|Millennium:||1st millennium BC|
|Centuries:||2nd century BC – 1st century BC – 1st century|
|Decades:||70s BC 60s BC 50s BC – 40s BC – 30s BC 20s BC 10s BC|
|Years:||46 BC 45 BC 44 BC – 43 BC – 42 BC 41 BC 40 BC|
|43 BC by topic|
|State leaders – Sovereign states|
|Birth and death categories|
|Births – Deaths|
|Establishments and disestablishments categories|
|Establishments – Disestablishments|
|Gregorian calendar||43 BC|
|Ab urbe condita||711|
|Bahá'í calendar||-1886 – -1885|
|English Regnal year||N/A|
|Chinese calendar||丁丑年 (Fire Ox)
2654 or 2594
— to —
戊寅年 (Earth Tiger)
2655 or 2595
|Coptic calendar||-326 – -325|
|Ethiopian calendar||-50 – -49|
|- Vikram Samvat||14–15|
|- Shaka Samvat||N/A|
|- Kali Yuga||3059–3060|
|Igbo calendar||-1042 – -1041|
|Iranian calendar||664 BP – 663 BP|
|Islamic calendar||684 BH – 683 BH|
|Julian calendar||43 BC|
|Minguo calendar||1954 before ROC
|Thai solar calendar||501|
|Wikimedia Commons has media related to 43 BC.|
Year 43 BC was either a common year starting on Sunday, Monday or Tuesday or a leap year starting on Sunday or Monday (link will display the full calendar) of the Julian calendar (the sources differ, see leap year error for further information) and a common year starting on Monday of the Proleptic Julian calendar. At the time, it was known as the Year of the Consulship of Pansa and Hirtius (or, less frequently, year 711 Ab urbe condita). The denomination 43 BC for this year has been used since the early medieval period, when the Anno Domini calendar era became the prevalent method in Europe for naming years.
- Consuls: Gaius Vibius Pansa Caetronianus and Aulus Hirtius. The Roman Senate confirms Octavian as propraetor with joint responsibility for the campaign against Antony. Hirtius and Octavian mobilize troops for the march to Mutina, while Pansa continues the levy. Embassy dispatched to treat with Antony.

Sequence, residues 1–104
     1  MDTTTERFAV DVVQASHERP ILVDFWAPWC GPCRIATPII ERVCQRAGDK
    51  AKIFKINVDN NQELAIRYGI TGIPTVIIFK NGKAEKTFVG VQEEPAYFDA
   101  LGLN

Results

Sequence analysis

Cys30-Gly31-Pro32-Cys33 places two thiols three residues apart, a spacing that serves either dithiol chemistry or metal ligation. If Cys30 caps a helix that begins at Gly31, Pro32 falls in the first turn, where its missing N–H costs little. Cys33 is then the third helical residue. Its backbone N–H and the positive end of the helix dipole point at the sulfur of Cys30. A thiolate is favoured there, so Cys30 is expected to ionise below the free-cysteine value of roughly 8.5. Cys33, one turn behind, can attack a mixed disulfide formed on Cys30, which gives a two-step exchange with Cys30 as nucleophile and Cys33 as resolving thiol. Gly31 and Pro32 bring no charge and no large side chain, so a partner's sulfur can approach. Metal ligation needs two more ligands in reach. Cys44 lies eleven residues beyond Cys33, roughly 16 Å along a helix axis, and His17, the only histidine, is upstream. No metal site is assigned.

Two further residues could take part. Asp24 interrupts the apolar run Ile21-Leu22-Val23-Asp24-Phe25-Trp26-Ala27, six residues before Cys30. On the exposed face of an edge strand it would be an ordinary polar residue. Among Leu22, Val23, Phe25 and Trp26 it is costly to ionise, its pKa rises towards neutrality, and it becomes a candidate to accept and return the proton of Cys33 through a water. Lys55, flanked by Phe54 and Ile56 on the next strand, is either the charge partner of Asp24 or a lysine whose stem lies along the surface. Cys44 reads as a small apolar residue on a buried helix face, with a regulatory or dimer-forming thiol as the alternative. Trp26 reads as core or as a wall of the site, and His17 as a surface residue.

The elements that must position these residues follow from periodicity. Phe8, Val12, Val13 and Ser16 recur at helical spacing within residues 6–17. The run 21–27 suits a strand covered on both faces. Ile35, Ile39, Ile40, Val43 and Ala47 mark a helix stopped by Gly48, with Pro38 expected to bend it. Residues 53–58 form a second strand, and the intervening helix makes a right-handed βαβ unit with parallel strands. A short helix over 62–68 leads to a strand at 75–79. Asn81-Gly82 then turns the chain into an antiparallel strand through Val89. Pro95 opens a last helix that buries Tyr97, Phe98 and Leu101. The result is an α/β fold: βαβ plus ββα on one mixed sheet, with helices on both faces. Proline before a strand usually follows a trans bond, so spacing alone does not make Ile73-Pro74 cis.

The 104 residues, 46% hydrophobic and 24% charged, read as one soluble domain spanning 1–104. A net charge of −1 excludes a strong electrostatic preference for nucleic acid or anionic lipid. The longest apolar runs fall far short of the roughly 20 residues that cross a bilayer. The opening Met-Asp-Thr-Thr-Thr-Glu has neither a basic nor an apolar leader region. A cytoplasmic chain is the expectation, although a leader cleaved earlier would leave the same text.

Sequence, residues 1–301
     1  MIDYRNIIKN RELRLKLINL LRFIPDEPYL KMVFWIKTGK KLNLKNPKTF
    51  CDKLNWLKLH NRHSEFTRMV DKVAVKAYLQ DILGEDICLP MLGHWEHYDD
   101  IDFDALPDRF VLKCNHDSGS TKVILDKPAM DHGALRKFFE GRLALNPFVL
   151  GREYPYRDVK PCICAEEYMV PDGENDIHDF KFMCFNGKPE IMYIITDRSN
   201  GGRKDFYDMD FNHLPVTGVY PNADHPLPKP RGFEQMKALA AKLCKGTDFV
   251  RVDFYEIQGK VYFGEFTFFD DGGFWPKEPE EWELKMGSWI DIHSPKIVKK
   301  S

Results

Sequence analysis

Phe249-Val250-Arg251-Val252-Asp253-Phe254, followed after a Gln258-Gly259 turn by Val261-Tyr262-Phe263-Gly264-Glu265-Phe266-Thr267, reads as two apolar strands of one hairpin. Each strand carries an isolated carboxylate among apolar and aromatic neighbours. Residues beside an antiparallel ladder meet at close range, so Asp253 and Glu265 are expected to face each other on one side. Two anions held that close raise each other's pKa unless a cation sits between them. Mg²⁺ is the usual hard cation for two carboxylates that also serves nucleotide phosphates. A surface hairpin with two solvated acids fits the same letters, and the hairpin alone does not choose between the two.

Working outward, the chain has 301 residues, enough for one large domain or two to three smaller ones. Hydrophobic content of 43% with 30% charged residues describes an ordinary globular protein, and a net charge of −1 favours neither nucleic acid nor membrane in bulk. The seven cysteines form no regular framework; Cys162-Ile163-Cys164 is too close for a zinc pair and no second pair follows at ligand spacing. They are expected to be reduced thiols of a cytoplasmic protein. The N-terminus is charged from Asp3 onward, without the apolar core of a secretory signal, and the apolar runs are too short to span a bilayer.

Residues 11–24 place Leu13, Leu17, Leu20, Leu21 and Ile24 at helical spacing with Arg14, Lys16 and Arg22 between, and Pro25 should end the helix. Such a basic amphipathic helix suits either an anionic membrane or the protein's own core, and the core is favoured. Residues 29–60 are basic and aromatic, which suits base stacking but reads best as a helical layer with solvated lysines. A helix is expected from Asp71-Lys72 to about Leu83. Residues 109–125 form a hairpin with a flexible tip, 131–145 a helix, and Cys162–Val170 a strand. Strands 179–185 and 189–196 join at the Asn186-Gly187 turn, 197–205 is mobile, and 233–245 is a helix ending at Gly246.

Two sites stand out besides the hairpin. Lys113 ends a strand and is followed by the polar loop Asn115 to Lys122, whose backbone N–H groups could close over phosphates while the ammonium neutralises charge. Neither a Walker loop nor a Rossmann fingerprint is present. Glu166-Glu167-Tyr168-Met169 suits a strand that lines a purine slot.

- Gaius Antonius is defeated by Marcus Junius Brutus at Dyrrachium, Brutus proceeds to secure his position in Thrace and Macedonia. Gaius Cassius Longinus campaigns in Syria and defeats the army of Publius Cornelius Dolabella at Laodicea.
- March – Vibius Pansa set out to link up with Hirtius and Octavian, bringing four legions of recruits, having left one, the legio urbana, to defend Rome.
- April 14 – Battle of Forum Gallorum: Mark Antony, besieging Caesar's assassin Decimus Brutus in Mutina, defeats the forces of the consul Pansa, but is then immediately defeated by the army of the other consul, Hirtius. Both consuls are killed (Hirtius did not die until after the Battle of Mutina).
- April 21
- Antony marched to Parma (which is sacked) and Placentia. He then crossed the Ligurian Alps to Vada Sabatia, 50 km south-west of Genoa. Antony joints with Aemilius Lepidus, soon after Decimus Brutus is killed by brigands.
- The Senate declares Antony a hostis, an enemy of the state. Sextus Pompey becomes supreme commander of the Roman navy and Gaius Cassius proconsul of Syria.
- Summer – Gaius Cassius captures Rhodes after refusing paying tribute, their fleet is defeated by Roman galleys in the Aegean Sea. He lands a military force on the island and plunders the city. Cassius puts to death 50 of the leading citizens and seizes all the gold he could lay hands on.
- July–August – Antony is again at the head of a large army, Octavian enters Rome in force without opposition. It is clear that Cicero’s plan to divide them against each other has failed.
- August 19th – Gaius Octavian taking office as consul, the day before his 20th birthday, he prevailed to pass the lex Pedia, a law establishing the murder of Caesar as a capital crime.
- November 26 – Octavian meets Antony and Lepidus in Bononia, and the three enter into an official five-year autocratic pact, the Second Triumvirate. (See lex Titia)
- To cement their reconciliation Octavian agreed to marry Clodia, a daughter of Antony's wife Fulvia by her former husband Publius Clodius Pulcher.
- November – The triumvirs introduced proscriptions in which allegedly 130 senators and 2,000 equites were branded as outlaws and deprived of their property.
- December 7 – Marcus Tullius Cicero is killed in Formiae in a litter going to the seaside, by a party led by Herennius (a centurion) and Popilius (a military tribune). His head and hands are displayed on the Rostra in the Forum Romanum.
- June – Porcia Catonis, wife of Marcus Junius Brutus (b. 70 BC) (alternative date is July)
- December 7 – Cicero, Roman politician and author (murdered) (b. 106 BC)
- Atia Balba Caesonia, niece of Julius Caesar and mother of Augustus (b. 85 BC)
- Decimus Brutus, Roman statesman (murdered) (b. c. 85 BC)
- Publius Cornelius Dolabella, suffect consul after the assassination of Julius Caesar (b. 70 BC)
- Hirtius, Roman statesman (killed in battle) (b. c. 90 BC)
- Quintus Tullius Cicero proscribed (b. 102 BC)
- Pansa, Roman statesman (killed in battle)
- Trebonius, assassin of Julius Caesar (murdered by Publius Cornelius Dolabella) (b. c. 92 BC)
- Verres, corrupt praetor (b. c. 120 BC)
- Antipater the Idumaean (assassinated)
- Warfare in the Classical World, John Warry (1980), p. 177. ISBN 0-8061-2794-5
- Haskell, H.J.: "This was Cicero" (1964), p. 293